But exports of other ag products might not be affected.
Cotton exports may grow by 238,000 bales, or 2%, due to a $5.25 billion expansion of the Panama Canal set to be complete by April 2015.
That’s according to a paper delivered last month by Flynn Adcock, an agricultural economist at Texas A&M at the Agriculture Transportation Coalition. Adcock’s analysis, first conducted in 2011 then revisited this year, showed a minimal impact on exports and production of other U.S. crops.
Much of the cotton destined for export – even cotton produced east of the Mississippi -- is shipped by train in containers to the West Coast. "Even though the ports in Long Beach and Los Angeles are far away from the production centers, it still makes more economic sense to ship it that way," says Adcock.
Deepening the Panama Canal to accommodate much bigger ships – so-called Post-Panamax vessels that can carry up to 13,000 TEUs (twenty-foot equivalent units) – will change all that. Most cotton exports from the East Coast are shipped on Panamax vessels that can carry only 5,000 TEUs.
Shipping on Post-Panamax vessels is much cheaper than Panamax vessels--$1449 per TEU versus $2314 per TEU, according to Adcock’s analysis.
Adcock estimates that transit time to China from the East Coast through the Panama Canal will be 7 to 8 days longer than the intermodal route. But once the Canal can accommodate Post-Panamax ships, all-water shipping from the East Coast will be much cheaper, $490 per TEU cheaper, than the intermodal option.
Unfortunately for eastern cotton producers, recent toll increases will capture one-third of the potential savings from expansion, by Adcock’s estimation. "In the end, the expansion will reduce maritime costs for shipments from the Gulf and South Atlantic ports to China by $140 TEU, a 28 percent reduction."
Adcock acknowledged in his presentation that the reduction in costs is theoretical. Some improvements in East Coast ports will need to be made to accommodate these much bigger ships, including raising the Bayonne Bridge to 215 feet from 151. The bridge connects Staten Island to New Jersey.
Post-panamax ships are so big that they typically visit several ports on a trip before leaving for the Far East. Until those logistics are worked out, the benefits to U.S. cotton producers may be half of Adcock’s original estimation.
Adcock’s analysis shows the United States would gain in cotton exports mostly at the expense of India and Brazil. Most other cotton-producing countries would experience a modest gain in business.
Even so, the deepening of the canal will redistribute wealth among the states as well, increasing cotton exports from Atlantic and U.S. Gulf ports at the expense of Pacific Coast ports, which would experience a reduction. "But there may be a competitive reaction from LA/Long Beach," says Adcock.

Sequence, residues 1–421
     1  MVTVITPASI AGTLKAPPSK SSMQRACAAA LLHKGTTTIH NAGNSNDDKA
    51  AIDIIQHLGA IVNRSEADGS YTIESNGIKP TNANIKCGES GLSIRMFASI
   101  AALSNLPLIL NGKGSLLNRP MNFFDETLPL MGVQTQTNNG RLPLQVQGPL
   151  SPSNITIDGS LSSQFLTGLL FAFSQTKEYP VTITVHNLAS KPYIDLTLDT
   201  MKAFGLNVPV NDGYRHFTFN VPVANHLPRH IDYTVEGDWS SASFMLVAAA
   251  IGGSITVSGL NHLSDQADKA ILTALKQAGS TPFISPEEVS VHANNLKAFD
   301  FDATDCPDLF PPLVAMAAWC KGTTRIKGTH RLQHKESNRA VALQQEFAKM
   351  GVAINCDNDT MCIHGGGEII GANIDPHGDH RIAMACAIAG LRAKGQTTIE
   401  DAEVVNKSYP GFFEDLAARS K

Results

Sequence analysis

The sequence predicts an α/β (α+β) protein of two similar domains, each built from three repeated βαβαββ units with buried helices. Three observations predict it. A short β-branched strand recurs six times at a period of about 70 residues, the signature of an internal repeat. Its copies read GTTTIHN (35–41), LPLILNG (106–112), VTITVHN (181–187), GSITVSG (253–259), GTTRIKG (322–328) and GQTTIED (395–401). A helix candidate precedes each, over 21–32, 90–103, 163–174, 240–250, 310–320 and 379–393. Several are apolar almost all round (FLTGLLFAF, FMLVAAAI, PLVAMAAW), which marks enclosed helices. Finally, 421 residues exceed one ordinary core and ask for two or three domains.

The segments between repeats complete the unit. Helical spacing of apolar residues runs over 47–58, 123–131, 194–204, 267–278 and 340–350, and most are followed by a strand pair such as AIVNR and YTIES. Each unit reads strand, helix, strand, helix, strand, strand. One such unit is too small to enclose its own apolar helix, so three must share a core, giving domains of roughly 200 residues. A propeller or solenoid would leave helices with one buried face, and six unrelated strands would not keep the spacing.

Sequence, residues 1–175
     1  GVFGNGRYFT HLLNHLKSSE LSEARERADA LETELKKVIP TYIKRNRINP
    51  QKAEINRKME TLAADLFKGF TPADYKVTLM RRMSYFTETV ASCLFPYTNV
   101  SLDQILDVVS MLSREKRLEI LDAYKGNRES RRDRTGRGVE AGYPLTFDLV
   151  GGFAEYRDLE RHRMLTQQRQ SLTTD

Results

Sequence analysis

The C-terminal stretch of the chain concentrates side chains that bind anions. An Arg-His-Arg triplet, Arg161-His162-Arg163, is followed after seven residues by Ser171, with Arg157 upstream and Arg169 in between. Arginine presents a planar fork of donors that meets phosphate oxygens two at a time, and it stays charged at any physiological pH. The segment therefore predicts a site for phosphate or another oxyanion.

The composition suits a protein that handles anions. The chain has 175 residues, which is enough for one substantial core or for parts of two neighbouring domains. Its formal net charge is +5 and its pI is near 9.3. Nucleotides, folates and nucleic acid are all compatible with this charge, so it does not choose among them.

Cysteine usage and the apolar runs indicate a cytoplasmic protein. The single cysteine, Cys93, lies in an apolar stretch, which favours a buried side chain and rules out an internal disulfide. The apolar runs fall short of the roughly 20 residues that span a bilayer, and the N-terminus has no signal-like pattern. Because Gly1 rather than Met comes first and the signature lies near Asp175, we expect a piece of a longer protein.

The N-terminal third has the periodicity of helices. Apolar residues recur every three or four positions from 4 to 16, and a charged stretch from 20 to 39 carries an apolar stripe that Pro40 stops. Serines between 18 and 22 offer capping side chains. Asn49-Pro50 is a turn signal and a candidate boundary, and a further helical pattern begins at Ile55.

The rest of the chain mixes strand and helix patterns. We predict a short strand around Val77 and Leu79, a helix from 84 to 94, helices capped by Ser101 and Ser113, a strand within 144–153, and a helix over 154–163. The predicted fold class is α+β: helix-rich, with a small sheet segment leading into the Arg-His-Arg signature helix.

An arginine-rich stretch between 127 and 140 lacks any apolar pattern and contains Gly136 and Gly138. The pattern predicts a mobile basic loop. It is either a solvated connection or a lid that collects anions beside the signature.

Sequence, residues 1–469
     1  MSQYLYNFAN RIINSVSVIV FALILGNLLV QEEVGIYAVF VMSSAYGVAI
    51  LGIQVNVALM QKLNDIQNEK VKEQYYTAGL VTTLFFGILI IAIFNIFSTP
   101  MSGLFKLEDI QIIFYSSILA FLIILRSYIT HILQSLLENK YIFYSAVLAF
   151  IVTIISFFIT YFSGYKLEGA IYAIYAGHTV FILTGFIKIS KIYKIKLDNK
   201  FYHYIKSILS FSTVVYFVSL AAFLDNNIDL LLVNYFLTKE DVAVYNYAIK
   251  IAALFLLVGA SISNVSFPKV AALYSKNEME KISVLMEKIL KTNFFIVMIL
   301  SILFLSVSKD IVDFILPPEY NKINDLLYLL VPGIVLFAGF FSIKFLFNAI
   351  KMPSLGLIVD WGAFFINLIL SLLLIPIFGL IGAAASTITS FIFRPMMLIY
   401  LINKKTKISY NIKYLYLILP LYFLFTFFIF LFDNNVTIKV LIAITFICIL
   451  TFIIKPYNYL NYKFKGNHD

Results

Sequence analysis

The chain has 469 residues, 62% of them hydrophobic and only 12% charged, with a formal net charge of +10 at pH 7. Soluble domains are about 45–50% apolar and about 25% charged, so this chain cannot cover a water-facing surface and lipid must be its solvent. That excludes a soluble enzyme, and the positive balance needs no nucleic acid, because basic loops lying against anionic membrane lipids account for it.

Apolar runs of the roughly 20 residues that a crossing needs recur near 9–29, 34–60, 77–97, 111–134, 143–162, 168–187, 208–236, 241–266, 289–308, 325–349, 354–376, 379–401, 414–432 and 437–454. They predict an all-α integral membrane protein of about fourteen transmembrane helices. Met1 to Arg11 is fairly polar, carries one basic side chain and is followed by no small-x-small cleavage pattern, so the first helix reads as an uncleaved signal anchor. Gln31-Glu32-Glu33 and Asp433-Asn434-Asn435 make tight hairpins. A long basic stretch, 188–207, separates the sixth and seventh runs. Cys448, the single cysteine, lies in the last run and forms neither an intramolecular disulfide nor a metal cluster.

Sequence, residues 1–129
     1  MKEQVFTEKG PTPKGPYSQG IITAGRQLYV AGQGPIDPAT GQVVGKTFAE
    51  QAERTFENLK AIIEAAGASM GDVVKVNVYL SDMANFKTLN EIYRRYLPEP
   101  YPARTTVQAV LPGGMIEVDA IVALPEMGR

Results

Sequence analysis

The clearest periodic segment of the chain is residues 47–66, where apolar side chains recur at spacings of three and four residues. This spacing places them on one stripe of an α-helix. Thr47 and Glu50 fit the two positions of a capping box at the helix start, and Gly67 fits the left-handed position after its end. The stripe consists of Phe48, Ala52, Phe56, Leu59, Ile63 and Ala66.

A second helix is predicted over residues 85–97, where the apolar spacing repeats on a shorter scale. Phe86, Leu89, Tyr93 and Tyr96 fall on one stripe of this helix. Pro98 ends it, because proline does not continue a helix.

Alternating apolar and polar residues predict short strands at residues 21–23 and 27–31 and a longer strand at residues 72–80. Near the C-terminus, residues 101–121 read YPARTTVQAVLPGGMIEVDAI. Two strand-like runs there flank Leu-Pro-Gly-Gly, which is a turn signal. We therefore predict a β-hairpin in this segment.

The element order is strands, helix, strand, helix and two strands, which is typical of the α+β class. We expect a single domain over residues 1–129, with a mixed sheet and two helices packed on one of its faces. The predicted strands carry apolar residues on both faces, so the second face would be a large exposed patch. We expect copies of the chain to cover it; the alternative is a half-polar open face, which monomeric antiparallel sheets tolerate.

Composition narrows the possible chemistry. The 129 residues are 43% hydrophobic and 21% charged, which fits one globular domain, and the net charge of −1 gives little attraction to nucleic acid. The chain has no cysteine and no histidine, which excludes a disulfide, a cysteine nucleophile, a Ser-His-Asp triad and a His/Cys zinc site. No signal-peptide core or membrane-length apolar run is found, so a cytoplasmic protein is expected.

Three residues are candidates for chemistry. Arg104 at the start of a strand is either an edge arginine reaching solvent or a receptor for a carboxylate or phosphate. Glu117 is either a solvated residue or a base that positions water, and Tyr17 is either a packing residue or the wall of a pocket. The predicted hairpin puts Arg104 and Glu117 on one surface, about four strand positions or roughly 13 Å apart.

Historically, the top three destinations for cotton exports are China, Turkey, and Mexico. The top three ports of cotton export are Long Beach/Los Angeles, Savannah and Houston. Exports from Savannah are growing, with much of the cotton going to Asia.
A 28 percent reduction in costs, according to Adcock’s estimates, would double exports from Savannah and New Orleans and result in a 57% increase in exports from Houston. These gains would come at the expense of exports from Los Angeles and Long Beach, which would see their traffic drop by 70%. Warehouses that hold the cotton prior to export will capture some of the rate reduction.
Adcock’s analysis shows the switch would produce $300 million in revenue gains for cotton producing states, including $86 million for Texas alone, and small revenue losses for California and Arizona.
While in-depth analysis was conducted only for cotton exports, a review of export flows for other crops show that the modernization of the canal may have a marginal impact on the export of some of these other crops. California ports, for instance, account for only 4% of soybean exports—most soybeans leave the country through Louisiana, Virginia, and Washington.
"Some of that could be redirected. Soybeans have to come a great distances, since there’s minimal production west of the Great Plains."
Similarly, most corn exports are shipped to Asia through Louisiana and Washington, with California accounting for only 6% of corn exports. The outcome is likely to be the same as the one for soybeans—minimal change.
Adcock doesn’t expect a measurable impact on rice, meats, fruits and vegetables. West coast ports will continue to be the preferred exit points. "Production centers are nearby," he says. And because many of the items are perishable, "lower transit times are extremely crucial."